DETMOLD, Germany – Excerpts from a 22-page typed statement by defendant Reinhold Hanning, a guard at the Auschwitz death camp, which was read out at his trial in Detmold state court on Friday:
Recovering from wounds suffered in combat in 1941:
"In this time I thought frequently about my comrades with whom I'd fought at the front... I always got along well with my comrades at the front; one helped the other out there. That really appealed to me as a young man."
On being sent to Auschwitz:
"I didn't give it any thought. I didn't know what Auschwitz was. I only knew I was being assigned to some kind of internal duty."
Working in Auschwitz:
"Nobody talked to us about it in the first days there, but if someone, like me, was there for a long time then one learned what was going on. People were shot, gassed and burned. I could see how corpses were taken back and forth or moved out. I could smell the burning bodies; I knew corpses were being burned."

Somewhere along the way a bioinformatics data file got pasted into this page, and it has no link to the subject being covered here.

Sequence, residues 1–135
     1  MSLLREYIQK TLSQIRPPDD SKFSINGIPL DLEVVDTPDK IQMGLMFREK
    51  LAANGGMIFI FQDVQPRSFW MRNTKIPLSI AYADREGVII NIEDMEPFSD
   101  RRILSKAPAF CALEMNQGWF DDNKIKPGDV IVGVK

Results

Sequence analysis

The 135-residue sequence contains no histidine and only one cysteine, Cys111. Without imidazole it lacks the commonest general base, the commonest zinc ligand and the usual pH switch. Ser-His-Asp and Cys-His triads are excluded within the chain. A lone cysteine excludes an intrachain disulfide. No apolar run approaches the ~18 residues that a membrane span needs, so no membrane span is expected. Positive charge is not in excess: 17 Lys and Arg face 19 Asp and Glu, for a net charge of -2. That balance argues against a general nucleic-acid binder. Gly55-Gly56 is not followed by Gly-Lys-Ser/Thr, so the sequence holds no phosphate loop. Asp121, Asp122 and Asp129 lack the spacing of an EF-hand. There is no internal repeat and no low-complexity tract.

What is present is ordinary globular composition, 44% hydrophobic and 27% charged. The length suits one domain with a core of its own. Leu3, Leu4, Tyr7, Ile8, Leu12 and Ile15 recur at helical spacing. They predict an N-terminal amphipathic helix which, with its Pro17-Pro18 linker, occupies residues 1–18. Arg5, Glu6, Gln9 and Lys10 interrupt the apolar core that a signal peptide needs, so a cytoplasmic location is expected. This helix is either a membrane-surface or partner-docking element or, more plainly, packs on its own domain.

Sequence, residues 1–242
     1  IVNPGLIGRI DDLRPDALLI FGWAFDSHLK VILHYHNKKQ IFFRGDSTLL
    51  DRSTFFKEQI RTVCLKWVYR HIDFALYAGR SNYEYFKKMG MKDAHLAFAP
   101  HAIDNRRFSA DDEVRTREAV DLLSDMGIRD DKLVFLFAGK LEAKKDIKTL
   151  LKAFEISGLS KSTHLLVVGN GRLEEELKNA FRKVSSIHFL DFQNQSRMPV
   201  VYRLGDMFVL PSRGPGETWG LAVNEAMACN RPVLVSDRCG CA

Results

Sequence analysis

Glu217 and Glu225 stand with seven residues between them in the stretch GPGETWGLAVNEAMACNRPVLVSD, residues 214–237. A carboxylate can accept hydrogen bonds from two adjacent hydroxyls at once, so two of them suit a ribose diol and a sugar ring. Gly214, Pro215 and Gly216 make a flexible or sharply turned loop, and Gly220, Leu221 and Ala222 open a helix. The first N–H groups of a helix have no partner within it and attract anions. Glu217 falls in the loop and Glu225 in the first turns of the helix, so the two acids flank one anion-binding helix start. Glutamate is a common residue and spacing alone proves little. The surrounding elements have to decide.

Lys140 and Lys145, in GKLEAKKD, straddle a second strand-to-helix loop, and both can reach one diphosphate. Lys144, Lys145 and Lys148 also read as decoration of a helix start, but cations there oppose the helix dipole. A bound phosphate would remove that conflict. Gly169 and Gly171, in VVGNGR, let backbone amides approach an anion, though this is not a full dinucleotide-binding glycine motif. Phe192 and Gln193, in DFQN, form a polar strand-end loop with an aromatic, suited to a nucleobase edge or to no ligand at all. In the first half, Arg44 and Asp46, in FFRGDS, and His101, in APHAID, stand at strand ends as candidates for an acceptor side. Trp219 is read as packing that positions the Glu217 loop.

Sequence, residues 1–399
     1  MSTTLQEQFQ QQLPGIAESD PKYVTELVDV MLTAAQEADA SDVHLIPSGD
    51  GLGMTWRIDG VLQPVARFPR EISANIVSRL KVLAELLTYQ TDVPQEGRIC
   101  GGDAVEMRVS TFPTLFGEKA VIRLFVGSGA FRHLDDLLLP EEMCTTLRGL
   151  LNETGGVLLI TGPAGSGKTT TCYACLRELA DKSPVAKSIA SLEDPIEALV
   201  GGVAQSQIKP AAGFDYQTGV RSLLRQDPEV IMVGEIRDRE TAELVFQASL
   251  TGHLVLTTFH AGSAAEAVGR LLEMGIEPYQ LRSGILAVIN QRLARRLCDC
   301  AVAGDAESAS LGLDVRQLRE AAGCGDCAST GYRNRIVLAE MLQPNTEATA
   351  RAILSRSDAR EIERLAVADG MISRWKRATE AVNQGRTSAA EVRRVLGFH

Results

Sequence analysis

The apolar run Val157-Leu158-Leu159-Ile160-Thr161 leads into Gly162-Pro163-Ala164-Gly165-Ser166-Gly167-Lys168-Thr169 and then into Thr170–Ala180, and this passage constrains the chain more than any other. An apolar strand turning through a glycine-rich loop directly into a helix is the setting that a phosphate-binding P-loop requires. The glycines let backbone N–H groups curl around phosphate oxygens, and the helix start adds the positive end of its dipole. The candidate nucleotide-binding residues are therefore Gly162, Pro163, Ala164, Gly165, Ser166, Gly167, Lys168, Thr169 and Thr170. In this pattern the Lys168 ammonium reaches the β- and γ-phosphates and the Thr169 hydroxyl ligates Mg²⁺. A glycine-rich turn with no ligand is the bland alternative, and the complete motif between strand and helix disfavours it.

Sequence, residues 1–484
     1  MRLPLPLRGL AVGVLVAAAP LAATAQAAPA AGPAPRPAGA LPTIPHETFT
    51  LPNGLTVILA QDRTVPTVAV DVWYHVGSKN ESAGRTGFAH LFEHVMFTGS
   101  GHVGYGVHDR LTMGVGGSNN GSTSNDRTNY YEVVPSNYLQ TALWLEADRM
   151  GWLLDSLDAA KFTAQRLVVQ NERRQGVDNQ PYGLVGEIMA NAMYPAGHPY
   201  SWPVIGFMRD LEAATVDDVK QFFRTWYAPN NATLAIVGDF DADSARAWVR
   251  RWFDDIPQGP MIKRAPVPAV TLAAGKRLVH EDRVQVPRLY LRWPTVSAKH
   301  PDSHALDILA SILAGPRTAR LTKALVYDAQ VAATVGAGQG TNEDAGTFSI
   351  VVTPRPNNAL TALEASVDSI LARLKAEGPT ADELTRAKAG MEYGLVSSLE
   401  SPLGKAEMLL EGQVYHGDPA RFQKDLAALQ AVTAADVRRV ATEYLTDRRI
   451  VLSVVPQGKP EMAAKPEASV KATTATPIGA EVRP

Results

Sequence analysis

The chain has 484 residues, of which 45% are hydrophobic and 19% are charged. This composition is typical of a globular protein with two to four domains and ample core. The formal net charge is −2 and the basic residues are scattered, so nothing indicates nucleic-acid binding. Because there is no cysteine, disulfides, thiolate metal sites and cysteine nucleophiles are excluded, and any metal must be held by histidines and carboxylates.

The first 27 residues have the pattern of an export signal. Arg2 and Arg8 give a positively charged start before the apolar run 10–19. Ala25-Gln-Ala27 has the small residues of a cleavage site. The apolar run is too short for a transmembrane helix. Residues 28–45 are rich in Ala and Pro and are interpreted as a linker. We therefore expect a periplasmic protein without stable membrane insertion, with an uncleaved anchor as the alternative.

"An atmosphere prevailed there that I can't describe today. One saw what was going on, but couldn't really talk with one's comrades about it. The situation was totally different than at the front. There you could talk with your comrades about anything. One never had to worry that if you told a comrade something he'd pass it along. In Auschwitz it was different. I didn't ever trust anyone there."
"I'm of the opinion that every member of the guard battalion knew what was going on. This didn't depend upon one's own particular service. Naturally some comrades were closer to it and others less close. With close to it, I mean close to the killing."
On manning a guard tower:
"During my service in the interior cordon area, I never experienced a prisoner trying to flee from the camp. In my opinion that would have been impossible because of the electric fence. The prisoners were also told that they shouldn't touch the fence. They were told that they'd immediately go up in flames."
On keeping silent about his past to his wife, children and grandchildren:
"Nobody in my family knew I'd served in Auschwitz. I just couldn't talk about it. I was ashamed. I always said I was involved in the Russian campaign and ended up as a prisoner of war."
"I want to say that it disturbs me deeply that I was part of such a criminal organization. I am ashamed that I saw injustice and never did anything about it and I apologize for my actions. I am very, very sorry."